Teaching Model Diplomacy at Augusta University
Who: Dr. Craig Albert, associate professor of political science; director, master of arts in intelligence and security studies; director, Model United Nations (Model UN) program
Where: Augusta University
What: The North Korean Nuclear Threat case
When: The last two weeks of a semester
Why: “I teach to reach students that have no idea that they know how to think, and that they’re good people, and that they have dignity and honor just in being who they are.”
Read Dr. Albert’s full biography
CFR’s Outreach Deputy Director Will Davis spoke with Dr. Albert in early 2018. This interview has been condensed and edited for clarity.
How were you introduced to the Council on Foreign Relations (CFR)?
Through my subscription to Foreign Affairs early on in graduate school. You know what I did when I first started teaching my own classes? I came across an alert that you could create your own textbooks using articles in Foreign Affairs, and so I used it for my first few international relations classes. That is when I became pretty much obsessed with using Foreign Affairs and CFR resources for my classroom.
What first interested you about Model Diplomacy?
I was invited to the 2015 CFR College and University Educators Workshop, and Model Diplomacy was just being piloted that semester. Because I was already interested in simulations, and some of my research is on the scholarship of teaching and learning, I couldn’t wait to get my hands on it. I was hooked as soon as I heard what CFR was doing, especially when I heard that it was free, and it came with all the instructional resources and student material needed to implement it successfully. I was, like, yes! This is awesome!
And how did you adapt it for your students?
The fall of 2017 was my first time running a simulation. I did not prep as much as I should have, so I let students learn independently through your website. I just expected them to do everything that you had on there. It was really an informal pilot to see whether they liked it and learned from it, and it was extremely successful. Based on their feedback, I made adjustments and integrated it fully into my syllabus.
This semester I scheduled two weeks of prep based on all the material provided by CFR. I based daily written assignments on the assessment questions, and had them answer them to make sure they were reading and are ready for the simulation at the end of the term.
We will run the simulation the last two weeks of the course. I did this last semester as well. It was a bit tricky because I was teaching a kind of fun class. It was foreign policy, but the focus was on special operations forces. I was trying to integrate the idea of how special operators influence foreign policy, and vice versa, and I found the Drones in Pakistan simulation, and I said “this is going to be great because it’s perfect to test out for special operations.” I adjusted it to elaborate on the notion mentioned in the case of whether we should have an option of special operations forces.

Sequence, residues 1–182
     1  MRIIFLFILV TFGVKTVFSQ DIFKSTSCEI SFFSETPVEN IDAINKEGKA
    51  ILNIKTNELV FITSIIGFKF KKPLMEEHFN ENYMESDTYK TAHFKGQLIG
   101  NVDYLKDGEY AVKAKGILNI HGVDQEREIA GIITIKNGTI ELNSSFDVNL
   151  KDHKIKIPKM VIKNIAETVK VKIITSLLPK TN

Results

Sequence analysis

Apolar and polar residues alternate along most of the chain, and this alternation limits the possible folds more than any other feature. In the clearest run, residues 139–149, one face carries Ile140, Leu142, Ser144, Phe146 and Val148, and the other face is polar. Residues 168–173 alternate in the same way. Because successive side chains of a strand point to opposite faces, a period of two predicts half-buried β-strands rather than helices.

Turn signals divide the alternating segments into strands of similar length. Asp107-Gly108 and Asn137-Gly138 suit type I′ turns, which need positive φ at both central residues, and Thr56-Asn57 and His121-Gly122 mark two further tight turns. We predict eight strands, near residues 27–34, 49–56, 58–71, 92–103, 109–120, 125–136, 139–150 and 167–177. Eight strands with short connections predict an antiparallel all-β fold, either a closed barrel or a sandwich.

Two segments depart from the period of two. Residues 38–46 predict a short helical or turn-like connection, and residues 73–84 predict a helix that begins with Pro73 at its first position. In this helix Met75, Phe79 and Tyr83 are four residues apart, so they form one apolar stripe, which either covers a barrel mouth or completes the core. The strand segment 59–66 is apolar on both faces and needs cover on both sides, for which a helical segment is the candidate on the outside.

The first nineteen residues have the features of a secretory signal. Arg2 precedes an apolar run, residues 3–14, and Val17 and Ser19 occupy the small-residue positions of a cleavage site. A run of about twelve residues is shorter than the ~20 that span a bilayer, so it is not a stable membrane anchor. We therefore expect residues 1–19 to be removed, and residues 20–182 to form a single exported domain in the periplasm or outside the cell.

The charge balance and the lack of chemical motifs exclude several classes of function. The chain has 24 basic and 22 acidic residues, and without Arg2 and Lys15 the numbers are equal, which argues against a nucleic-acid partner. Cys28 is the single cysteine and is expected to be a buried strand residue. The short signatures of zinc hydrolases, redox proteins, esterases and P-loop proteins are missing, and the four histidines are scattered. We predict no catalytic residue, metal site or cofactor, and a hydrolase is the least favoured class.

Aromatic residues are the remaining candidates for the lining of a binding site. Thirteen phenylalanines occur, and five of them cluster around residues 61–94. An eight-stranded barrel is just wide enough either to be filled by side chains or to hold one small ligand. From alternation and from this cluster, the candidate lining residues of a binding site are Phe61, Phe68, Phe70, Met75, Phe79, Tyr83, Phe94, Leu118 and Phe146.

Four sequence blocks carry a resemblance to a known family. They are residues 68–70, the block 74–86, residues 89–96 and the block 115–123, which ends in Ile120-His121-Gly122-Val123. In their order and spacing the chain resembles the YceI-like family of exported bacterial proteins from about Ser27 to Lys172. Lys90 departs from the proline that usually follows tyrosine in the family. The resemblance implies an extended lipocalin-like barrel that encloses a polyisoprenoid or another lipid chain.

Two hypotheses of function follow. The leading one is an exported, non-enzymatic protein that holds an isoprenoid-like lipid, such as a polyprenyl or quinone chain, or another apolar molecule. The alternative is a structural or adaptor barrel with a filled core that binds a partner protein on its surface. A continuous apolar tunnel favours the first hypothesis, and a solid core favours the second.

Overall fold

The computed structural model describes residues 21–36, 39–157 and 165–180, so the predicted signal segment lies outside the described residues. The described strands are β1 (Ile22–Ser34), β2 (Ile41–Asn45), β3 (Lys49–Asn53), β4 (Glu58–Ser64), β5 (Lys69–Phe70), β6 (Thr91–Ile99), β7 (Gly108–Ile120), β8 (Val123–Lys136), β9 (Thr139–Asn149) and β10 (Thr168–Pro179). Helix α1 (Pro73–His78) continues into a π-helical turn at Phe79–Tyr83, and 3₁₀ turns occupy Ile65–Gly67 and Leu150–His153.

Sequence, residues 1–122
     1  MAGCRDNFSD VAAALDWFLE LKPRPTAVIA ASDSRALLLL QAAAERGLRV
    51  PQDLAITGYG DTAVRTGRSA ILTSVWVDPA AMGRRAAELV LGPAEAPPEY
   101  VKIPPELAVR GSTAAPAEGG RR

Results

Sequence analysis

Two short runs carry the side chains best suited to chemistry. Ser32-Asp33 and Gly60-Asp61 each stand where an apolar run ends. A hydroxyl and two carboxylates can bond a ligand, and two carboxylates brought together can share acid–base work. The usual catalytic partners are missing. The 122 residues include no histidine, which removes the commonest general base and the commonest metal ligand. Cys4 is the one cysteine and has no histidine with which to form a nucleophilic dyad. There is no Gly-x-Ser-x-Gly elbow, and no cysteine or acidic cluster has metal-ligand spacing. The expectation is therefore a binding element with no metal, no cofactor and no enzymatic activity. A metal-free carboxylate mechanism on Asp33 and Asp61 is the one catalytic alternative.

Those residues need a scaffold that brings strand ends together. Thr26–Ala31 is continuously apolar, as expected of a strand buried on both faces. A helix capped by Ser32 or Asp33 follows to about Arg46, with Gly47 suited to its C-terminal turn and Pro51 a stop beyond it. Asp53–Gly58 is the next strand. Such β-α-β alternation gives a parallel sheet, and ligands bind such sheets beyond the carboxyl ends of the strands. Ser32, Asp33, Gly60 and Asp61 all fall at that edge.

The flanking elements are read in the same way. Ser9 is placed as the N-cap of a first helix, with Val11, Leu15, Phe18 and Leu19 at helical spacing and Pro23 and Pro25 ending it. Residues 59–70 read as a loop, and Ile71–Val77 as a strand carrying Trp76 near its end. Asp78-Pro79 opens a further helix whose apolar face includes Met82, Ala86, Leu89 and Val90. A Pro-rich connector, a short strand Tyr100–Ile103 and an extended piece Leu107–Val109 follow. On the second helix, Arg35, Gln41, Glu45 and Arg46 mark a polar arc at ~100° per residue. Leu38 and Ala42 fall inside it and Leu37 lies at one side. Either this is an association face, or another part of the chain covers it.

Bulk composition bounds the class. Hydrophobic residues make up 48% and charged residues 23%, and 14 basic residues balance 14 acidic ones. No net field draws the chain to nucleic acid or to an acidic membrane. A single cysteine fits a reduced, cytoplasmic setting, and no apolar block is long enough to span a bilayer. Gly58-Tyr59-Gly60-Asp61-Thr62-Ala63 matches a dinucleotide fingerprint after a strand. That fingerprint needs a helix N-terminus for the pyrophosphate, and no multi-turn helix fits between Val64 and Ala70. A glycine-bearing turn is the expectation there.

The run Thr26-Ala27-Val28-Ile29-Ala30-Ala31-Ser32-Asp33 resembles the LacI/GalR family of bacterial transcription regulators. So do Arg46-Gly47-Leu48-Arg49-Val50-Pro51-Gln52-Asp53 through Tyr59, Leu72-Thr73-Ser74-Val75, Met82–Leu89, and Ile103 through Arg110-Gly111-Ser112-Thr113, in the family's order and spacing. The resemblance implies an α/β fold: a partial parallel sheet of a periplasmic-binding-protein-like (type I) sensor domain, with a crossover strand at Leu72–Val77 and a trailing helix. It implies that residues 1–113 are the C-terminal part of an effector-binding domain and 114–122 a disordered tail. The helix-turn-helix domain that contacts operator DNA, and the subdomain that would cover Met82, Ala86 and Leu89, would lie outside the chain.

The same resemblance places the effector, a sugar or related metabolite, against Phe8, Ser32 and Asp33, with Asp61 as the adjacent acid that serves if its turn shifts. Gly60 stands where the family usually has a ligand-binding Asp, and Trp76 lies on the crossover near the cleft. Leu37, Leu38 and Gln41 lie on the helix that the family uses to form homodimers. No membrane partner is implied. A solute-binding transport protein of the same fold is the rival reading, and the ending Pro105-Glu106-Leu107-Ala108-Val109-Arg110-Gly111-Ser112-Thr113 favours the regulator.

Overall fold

I created my own attachments to the National Security Council (NSC) portion, as well, based on the tenets of the class. For example, instead of only having the Director of National Intelligence, I threw in the CIA director as well, and then put in a U.S. Special Forces commander and a couple of other roles to make it more relevant to the class.
What sort of feedback did you hear from your students?
My students absolutely loved it. They had a couple of suggestions for me on how to integrate it into the course and how to make simulation directions more user friendly. On the first day of the simulation, they were very nervous and didn’t know what quite to expect. They warned me about that for the next semester, to really prep them on everything.
In this semester’s class, which is a different topic—security studies—I have three or four full days of class devoted just to the rules of the simulation before we actually start the simulation.
Also, I automatically assigned their roles last semester. Students asked for a say in the matter, so now I’m giving them a chance to request roles. Most of the class re-enrolled for the security studies class this semester based on the simulation. It was a really good experience for them.
You’ve mentioned how Model Diplomacy could be the basis for a research project. Can you tell us a little bit more?
I do research on games and simulations, especially in the field of experiential learning, and I’m well-published in the Model UN arena.
The research I do is on pre-test/post-test student skill sets. What do students actually learn, how can we measure student academic and social integration? By social integration, I mean does this particular simulation help them connect with their peers, to the course, to the school, the university, to academia as a whole? The research shows that simulations do this, and so I want to test Model Diplomacy. Intuitively, I know it does just by looking at it—I can tell it was a bonding element for the students.